Contractor dismissed due to views on same sex marriage

In the context of the current postal survey on changing the law of marriage in Australia, press reports in the last few days indicate that a contractor who had been working for an ACT-based children’s entertainment business has lost her position solely due to her indication of support for a “No” vote in the current postal survey on the issue being conducted in Australia. (See here for a detailed report on the incident quoting both sides.)

It seems worth commenting on the legal implications of the decision to terminate the contractor, especially in light of the “Safeguards” legislation that was recently passed by the Federal Parliament, and on which I recently posted

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Some in-depth reading on same-sex marriage issues

An academic colleague suggested the other day that it would be good to post some recommendations for academic commentary on the same-sex marriage issues, for those who are interested in reading that goes a bit more in-depth than a standard blog post or opinion piece.

I thought this was a great idea. I have compiled the following list of reading from recommendations of legal colleagues who, like me, have serious concerns about the proposal to introduce same-sex marriage. In that sense it is not a ‘balanced’ list. Those who want to find enthusiastic academic support for introducing the reform will not find it hard to do so elsewhere. But some of these pieces may not be so widely read, and deserve to be better known. Some are quite recent. 

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Free speech and vilification in the marriage law postal survey

Australia is involved in a debate about whether same sex marriage should be introduced. The question is being put to the electors in the form of a voluntary postal survey, the question in which is simply: “Should the law be changed to allow same sex couples to marry?”

The original intention of the current Government had been to put this question to the people of Australia in a compulsory plebiscite. This option being defeated twice in Parliament, the postal survey has been designed to be run without explicit authorising legislation. However, once it was decided that the survey would proceed, concerns were expressed that the debate might contain misleading and deceptive advertising, which would usually have been dealt with under the electoral laws (but since the survey was not being run under those laws, no such protections applied for the survey.) In addition, concerns were expressed about hateful and harmful speech on both side of the debate.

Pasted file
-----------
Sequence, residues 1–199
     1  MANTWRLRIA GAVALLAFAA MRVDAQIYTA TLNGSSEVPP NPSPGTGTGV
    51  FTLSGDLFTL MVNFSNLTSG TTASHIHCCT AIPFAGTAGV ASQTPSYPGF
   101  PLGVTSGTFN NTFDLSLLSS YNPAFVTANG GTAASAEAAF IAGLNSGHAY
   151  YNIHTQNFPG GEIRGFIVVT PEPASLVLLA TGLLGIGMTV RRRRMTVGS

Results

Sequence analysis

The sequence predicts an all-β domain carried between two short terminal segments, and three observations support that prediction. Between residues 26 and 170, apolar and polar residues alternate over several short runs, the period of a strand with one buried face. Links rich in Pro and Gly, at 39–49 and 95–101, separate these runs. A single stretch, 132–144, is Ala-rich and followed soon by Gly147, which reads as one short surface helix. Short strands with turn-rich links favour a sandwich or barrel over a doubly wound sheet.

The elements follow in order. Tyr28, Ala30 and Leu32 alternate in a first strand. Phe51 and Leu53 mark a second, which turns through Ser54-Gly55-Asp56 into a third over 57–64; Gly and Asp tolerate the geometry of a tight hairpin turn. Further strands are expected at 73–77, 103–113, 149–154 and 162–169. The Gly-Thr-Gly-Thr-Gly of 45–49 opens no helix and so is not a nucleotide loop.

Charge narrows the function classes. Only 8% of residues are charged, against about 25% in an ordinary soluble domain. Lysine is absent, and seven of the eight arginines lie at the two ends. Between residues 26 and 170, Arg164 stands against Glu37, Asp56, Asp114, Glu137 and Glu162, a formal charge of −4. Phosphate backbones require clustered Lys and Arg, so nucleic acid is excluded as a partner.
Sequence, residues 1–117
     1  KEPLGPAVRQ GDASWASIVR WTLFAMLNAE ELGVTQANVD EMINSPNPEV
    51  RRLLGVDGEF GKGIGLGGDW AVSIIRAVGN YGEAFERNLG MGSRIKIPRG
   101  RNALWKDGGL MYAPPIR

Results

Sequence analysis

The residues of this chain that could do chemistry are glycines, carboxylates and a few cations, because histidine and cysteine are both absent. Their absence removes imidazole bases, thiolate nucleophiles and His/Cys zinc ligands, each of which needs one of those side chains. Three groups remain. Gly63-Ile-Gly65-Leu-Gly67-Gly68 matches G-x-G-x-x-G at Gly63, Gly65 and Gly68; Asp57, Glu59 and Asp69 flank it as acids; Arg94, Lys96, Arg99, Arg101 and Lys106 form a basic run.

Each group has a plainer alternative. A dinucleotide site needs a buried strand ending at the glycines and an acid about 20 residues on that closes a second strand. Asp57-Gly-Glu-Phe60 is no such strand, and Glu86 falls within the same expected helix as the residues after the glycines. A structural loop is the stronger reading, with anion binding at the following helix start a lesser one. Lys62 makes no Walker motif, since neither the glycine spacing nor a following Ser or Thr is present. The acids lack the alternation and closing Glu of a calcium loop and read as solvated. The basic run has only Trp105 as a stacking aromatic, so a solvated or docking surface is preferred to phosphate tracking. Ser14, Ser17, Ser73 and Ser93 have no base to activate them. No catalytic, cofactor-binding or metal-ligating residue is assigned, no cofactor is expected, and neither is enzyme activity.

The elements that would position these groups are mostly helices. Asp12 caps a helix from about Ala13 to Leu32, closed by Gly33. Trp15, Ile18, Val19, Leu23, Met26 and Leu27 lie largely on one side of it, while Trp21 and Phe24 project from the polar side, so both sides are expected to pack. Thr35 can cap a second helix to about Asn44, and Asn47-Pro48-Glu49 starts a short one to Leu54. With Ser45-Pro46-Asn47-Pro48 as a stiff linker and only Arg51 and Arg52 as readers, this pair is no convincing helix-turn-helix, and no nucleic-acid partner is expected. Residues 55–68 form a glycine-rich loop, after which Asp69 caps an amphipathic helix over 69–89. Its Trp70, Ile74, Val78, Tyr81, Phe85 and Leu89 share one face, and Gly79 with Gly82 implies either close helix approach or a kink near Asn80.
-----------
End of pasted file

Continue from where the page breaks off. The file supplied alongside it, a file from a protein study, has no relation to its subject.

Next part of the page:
In response to these concerns, the Commonwealth Parliament today (in a rare example of swift bipartisan action) saw the introduction and enactment of the Marriage Law Survey (Additional Safeguards) Act 2017 (which has now received the Royal Assent, and become Act No 96 of 2017). The Act will come into operation on Thursday 14 September, 2017 (tomorrow, as I write.)

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Press release of the Wilberforce Foundation- full text

In the ongoing debates about same sex marriage in Australia (shortly to be the subject of a voluntary postal survey conducted by the Australia Bureau of Statistics, if it survives a High Court challenge), a number of professional organisations have decided to weigh in, in support of the “Yes” vote. The most recent such statement was issued by a combination of lawyers and doctors (see a press report of August 19 here, and the full text of the joint statement, by the NSW Bar Association president Arthur Moses, president of the Law Society of NSW Pauline Wright, and president of the NSW division of the Australian Medical Association Brad Frankum, is here.)

A number of lawyers around Australia, myself included, were concerned that this statement was not made after consultation with members of the various organisations, and in fact was misleading precisely at the point where one would expect a statement from lawyers to be accurate, in its statements about the law. The “Wilberforce Foundation”, an informal coalition of practising lawyers and legal academics committed to the preservation and advancement of common law values, rights and freedoms, has issued a press release expressing our concerns about the combined statement. The essence of the concerns are summarised in this press report of August 31. For those interested in the full text of the statement, it can be found here: Wilberforce Foundation Media Release .